Wenzhe Zhang

Date of Award


Degree Type


Degree Name

Master of Applied Science (MASc)


Electrical and Computer Engineering


Steve Hranilovic




Free-space optical (FSO) links are competitive wireless links offering high data rate,
security and low system complexity. Compared to radio-frequency (RF) links, FSO
links offer high rates at gigabit-per-second (Gbps) level and relatively low cost. However, atmospheric scintillation and misalignment between optical transmitter and receiver impair data rates of FSO links. Scintillation and misalignment are slow fading
processes with a fading interval of 10's ms. Conventional fixed-length channel coding
which interleave data blocks are unrealistic to overcome this slow fading due to block
length of 10's of megabits. Also, because of the Gbps data rate, data rate adaptation
to channel conditions are expensive.
In this work, short-length (16 - 1024) Raptor codes are designed to overcome the
slow fading of FSO channels. These Raptor codes are applied at the packet-level with
high data rate and low decoding complexity. The Raptor encoder and decoder can be
easily implemented in any software or hardware form. The practicality of these Raptor
codes is demonstrated by a Raptor encoder and decoder which are implemented in
field-programmable gate array (FPGA) and shown to support a 1.22 Gbps encoding
and 714 Mbps decoding rate with a 97 mW low power consumption and 26360 gate
circuit scale. High-speed transmission at Gbps level is easily satisfied by the same
design implemented in an application-specific integrated circuit (ASIC).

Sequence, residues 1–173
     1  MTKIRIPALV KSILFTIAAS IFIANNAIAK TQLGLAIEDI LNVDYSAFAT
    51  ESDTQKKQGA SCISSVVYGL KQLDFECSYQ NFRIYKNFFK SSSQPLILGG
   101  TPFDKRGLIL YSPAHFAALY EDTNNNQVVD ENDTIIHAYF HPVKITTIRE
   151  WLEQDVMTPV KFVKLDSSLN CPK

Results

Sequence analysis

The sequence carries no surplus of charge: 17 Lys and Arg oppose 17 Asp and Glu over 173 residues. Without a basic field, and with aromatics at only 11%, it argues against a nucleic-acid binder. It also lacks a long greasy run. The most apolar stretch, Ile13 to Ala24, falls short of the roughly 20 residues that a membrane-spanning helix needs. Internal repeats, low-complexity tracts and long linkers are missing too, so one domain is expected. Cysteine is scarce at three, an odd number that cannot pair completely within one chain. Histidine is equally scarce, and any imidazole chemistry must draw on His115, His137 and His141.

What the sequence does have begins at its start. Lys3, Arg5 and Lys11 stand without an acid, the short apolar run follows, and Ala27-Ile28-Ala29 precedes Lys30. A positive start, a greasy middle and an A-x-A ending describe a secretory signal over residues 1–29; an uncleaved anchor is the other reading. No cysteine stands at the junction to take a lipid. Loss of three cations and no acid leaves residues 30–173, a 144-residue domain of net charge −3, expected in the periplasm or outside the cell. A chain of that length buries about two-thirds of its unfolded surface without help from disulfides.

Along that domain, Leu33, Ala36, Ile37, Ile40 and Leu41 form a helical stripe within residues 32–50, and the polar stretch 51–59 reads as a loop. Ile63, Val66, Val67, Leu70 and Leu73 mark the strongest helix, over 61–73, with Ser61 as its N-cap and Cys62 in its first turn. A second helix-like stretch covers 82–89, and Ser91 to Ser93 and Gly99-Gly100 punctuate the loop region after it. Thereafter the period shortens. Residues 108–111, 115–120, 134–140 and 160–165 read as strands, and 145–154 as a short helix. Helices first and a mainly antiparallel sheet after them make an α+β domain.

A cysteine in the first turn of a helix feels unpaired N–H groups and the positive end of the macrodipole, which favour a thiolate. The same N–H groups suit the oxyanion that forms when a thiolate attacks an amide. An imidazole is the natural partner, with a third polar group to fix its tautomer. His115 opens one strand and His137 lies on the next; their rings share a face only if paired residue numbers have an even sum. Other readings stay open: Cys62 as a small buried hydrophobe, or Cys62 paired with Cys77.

Two applications of these short-length Raptor codes in FSO links are presented
in this work. Firstly, these Raptor codes are applied to hybrid FSO/RF links to
achieve high data rate by sending Raptor encoded packets simultaneously over the
FSO and RF links which we term such links as Raptor-coded soft-switching hybrid
FSO/RF links. The performance of these Raptor codes in the hybrid FSO/RF links
is simulated in a realistic channel model based on climate data of three Canadian
cities. For a 1 Gbps FSO link combined with a 96 Mbps WiMAX RF link, the softswitching
system achieves an average rate of 472 Mbps using the implemented Raptor
code while hard-switching technique achieves only 112 Mbps on average.
Secondly, these Raptor codes are applied in mobile FSO links for an unmanned
aerial vehicle (DAV). This mobile FSO link suffers from severe instantaneous misalignment. For packet-level transmission, the time varying misalignment is unknown
to the transmitter and causes data packet corruption and erasure. As a result, the
application of conventional fixed-rate erasure coding techniques is difficult. In this
work, short-length Raptor codes are applied in such mobile FSO channels. A key advantage of Raptor codes is their independence on channel state, no matter how large
the misalignment. With a 1 Gbps transmitter, the designed Raptor code with k = 64
message packets offers 650 Mbps data rate when transmitting power is 20 dEmo In
contrast, a traditional automatic repeat-request (ARQ) algorithm technique on the
same FSO jitter channel achieves a rate of 70 JVlbps.

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